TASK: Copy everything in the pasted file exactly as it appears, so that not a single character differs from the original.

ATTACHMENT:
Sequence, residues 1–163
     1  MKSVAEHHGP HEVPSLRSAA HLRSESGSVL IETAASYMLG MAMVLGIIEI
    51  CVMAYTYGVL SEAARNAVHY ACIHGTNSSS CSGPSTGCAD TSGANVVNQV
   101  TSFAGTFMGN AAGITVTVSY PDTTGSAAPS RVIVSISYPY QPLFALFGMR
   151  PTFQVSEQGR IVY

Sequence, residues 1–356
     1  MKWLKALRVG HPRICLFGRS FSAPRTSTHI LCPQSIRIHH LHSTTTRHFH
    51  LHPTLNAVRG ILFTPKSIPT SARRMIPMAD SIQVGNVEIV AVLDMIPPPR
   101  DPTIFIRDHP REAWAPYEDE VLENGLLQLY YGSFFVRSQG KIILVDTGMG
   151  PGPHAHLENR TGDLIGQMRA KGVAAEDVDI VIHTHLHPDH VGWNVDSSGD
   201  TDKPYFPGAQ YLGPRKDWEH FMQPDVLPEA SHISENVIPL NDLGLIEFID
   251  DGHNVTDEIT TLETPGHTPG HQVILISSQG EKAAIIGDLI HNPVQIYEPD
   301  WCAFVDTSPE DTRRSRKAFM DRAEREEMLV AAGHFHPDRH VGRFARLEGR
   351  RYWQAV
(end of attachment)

Sequence, residues 1–163
     1  MKSVAEHHGP HEVPSLRSAA HLRSESGSVL IETAASYMLG MAMVLGIIEI
    51  CVMAYTYGVL SEAARNAVHY ACIHGTNSSS CSGPSTGCAD TSGANVVNQV
   101  TSFAGTFMGN AAGITVTVSY PDTTGSAAPS RVIVSISYPY QPLFALFGMR
   151  PTFQVSEQGR IVY

Sequence, residues 1–356
     1  MKWLKALRVG HPRICLFGRS FSAPRTSTHI LCPQSIRIHH LHSTTTRHFH
    51  LHPTLNAVRG ILFTPKSIPT SARRMIPMAD SIQVGNVEIV AVLDMIPPPR
   101  DPTIFIRDHP REAWAPYEDE VLENGLLQLY YGSFFVRSQG KIILVDTGMG
   151  PGPHAHLENR TGDLIGQMRA KGVAAEDVDI VIHTHLHPDH VGWNVDSSGD
   201  TDKPYFPGAQ YLGPRKDWEH FMQPDVLPEA SHISENVIPL NDLGLIEFID
   251  DGHNVTDEIT TLETPGHTPG HQVILISSQG EKAAIIGDLI HNPVQIYEPD
   301  WCAFVDTSPE DTRRSRKAFM DRAEREEMLV AAGHFHPDRH VGRFARLEGR
   351  RYWQAV